I might have been inclined to agree; personally I don’t see a need to care about what becomes of the odd smatterings that appear on my own Facebook page once I am gone. But I have the experience of my aunt Charlene – who managed to figure out a way to do what Facebook says it will now allow many others to do.
IN THE CASE of mi tia loca (she would have laughed at my sarcastic description), she died about a year-and-a-half ago. But her brother also had access to her account, which means he has taken to making postings on her behalf.
I literally recall the day she died because I learned about it on Facebook. I happened to stumble on her page on a Sunday morning, only to see that a posting was made an hour earlier that read simply, “I’m in Heaven.”
Her brother later that day posted some details about her passing, all written in a first-person voice as though it were my aunt writing. Later, some video shot during her wake was posted on the page.
Since then, her brother has taken to posting various old photographs of my aunt, along with notices about the project that had become the focus of my aunt’s life in her retiring years (she had a career teaching in the Chicago Public Schools) – her “traveling Mexican museum” as she called it.
IT REALLY WAS a collection of the various artifacts and knickknacks she had compiled during her life’s various trips to Mexico; which she would periodically put on public display.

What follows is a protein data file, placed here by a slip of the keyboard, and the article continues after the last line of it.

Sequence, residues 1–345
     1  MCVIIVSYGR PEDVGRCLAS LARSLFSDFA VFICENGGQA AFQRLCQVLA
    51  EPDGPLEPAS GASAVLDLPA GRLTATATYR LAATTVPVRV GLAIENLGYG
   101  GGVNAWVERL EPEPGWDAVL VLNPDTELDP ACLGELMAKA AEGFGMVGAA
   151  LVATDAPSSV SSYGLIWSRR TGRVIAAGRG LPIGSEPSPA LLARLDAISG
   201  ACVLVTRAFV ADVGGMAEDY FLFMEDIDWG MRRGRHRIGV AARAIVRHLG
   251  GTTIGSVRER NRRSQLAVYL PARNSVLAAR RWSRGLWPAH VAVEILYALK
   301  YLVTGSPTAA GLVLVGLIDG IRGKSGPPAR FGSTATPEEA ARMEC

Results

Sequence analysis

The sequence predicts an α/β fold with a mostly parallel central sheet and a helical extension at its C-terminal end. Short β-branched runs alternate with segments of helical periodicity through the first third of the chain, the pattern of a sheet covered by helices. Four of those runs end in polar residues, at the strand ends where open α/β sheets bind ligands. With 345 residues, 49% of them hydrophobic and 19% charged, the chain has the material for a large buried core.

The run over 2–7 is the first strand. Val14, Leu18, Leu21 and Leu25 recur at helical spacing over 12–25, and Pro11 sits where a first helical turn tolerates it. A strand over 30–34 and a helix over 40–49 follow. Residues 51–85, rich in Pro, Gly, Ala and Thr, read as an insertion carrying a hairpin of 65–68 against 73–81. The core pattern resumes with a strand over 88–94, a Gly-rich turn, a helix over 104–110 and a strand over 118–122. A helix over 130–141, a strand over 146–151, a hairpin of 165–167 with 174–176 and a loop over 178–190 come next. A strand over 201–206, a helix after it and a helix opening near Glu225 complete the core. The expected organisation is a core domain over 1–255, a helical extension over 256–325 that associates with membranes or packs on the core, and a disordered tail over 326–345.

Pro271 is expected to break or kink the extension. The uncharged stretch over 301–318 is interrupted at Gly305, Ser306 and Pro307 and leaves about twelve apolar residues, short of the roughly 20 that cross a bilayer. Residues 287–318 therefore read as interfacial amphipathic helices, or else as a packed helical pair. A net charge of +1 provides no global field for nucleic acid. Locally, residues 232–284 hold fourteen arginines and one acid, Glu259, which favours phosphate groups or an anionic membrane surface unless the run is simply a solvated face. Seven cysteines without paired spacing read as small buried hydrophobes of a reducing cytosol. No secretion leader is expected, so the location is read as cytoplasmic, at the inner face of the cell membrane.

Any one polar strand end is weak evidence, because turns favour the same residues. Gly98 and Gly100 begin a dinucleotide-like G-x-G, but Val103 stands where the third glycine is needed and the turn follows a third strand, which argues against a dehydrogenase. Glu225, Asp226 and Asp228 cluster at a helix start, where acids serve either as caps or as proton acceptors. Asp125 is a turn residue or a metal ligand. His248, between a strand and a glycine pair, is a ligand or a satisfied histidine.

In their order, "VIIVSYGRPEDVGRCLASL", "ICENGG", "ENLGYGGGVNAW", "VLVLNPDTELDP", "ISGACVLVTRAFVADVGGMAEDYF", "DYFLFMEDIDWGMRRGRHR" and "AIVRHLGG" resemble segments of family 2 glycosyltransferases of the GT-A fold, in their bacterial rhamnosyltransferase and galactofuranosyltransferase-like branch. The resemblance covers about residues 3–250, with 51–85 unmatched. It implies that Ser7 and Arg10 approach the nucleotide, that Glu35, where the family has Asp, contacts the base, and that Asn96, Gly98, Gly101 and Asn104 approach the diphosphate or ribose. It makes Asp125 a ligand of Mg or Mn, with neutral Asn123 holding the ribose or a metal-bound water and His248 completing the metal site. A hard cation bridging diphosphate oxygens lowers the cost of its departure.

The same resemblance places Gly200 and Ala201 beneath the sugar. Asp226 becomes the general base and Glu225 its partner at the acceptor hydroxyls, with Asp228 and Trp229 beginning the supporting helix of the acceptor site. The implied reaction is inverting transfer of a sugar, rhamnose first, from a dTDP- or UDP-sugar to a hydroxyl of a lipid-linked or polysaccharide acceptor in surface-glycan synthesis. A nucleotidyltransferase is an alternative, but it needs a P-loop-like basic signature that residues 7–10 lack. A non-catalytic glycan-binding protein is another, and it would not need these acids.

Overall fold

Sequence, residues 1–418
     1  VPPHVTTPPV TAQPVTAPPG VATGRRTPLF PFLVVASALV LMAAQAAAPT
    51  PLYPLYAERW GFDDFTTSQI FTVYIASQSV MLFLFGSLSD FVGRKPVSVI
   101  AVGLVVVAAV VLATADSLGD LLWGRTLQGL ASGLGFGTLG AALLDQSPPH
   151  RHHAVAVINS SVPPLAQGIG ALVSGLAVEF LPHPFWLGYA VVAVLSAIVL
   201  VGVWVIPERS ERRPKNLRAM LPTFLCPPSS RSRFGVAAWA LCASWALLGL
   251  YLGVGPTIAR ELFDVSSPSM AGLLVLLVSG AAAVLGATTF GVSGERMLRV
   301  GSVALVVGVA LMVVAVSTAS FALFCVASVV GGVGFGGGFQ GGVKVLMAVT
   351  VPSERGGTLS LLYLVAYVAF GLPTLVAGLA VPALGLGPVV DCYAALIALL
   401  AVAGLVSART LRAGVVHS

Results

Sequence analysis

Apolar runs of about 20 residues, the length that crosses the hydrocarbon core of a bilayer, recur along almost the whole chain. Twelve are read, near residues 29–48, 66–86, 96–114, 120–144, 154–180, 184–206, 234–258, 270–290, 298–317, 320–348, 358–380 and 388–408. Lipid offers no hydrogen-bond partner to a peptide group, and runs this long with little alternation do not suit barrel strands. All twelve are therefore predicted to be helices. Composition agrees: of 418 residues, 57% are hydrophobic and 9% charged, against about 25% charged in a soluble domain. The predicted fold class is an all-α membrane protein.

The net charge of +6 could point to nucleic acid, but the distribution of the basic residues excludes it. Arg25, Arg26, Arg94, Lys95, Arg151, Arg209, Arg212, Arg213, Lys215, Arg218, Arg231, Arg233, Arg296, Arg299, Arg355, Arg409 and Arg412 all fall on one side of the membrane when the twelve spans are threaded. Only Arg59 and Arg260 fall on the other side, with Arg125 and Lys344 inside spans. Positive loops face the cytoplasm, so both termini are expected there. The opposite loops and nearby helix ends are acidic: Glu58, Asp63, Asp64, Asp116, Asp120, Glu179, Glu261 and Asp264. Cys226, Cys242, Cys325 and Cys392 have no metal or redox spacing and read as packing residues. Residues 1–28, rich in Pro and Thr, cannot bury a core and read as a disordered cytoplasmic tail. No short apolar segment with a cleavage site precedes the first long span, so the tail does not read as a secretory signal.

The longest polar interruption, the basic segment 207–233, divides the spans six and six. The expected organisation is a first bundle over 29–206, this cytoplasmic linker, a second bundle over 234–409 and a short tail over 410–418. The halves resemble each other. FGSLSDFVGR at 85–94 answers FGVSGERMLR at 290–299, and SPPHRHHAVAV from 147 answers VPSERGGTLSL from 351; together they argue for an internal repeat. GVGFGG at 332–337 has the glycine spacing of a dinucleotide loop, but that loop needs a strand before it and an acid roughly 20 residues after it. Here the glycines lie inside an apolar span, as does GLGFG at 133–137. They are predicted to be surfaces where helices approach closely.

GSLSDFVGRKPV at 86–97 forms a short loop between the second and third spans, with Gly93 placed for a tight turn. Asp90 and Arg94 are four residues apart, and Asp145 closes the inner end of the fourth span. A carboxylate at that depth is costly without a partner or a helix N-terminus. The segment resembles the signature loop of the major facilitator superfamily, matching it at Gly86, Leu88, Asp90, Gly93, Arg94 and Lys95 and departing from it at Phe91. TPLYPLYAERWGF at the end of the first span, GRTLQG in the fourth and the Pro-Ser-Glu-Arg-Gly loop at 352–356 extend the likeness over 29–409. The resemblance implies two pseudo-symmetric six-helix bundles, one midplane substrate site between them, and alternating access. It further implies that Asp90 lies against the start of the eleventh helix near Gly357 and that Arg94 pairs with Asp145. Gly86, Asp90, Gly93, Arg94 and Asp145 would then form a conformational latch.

As a tribute to my aunt, her brother has kept the collection and occasionally sets it up (the one time I saw it, it took an entire banquet hall in Chicago to contain it) – using Facebook to let people know when those occasions will occur.
It sounds more bizarre than it is. It actually comes across as an interesting way of remembering my aunt – particularly when my own Facebook page gets an update from her page and I can have a quick, but pleasant, memory of her.
Somehow, I doubt my aunt is alone in having something interesting to say even after they’re gone. Let’s only hope that the people who get picked to carry on someone’s Facebook legacy have enough tact not to try to settle old grudges with someone once they’re no longer capable of defending themselves.
CONSIDERING HOW MUCH the rest of Facebook and the Internet is capable of being taken over by people with no sense of personal decorum, it is always a very serious threat.
Reading trashy updates about the dead is about as boorish of behavior that one could engage in. Let’s hope that this trend of Facebook pages outliving the people whose lives they were a part of is not something that has to be stifled because of those of us who can’t control the worst tendencies of our natures!
It should be said that I have no intention of delegating anybody to carry on my own Facebook page (which consists largely of posts from this weblog to expand the number of people who are capable of reading it). I don’t plan to try to figure out a way of filing copy from the great beyond.
As far as my own page is concerned, I’m inclined to agree with the musings of a few reporter-type people I know who said (on Facebook, if you must know) that a final posting of a simple “-30-” (the old typesetting symbol for ‘end of story’) is the best way to go.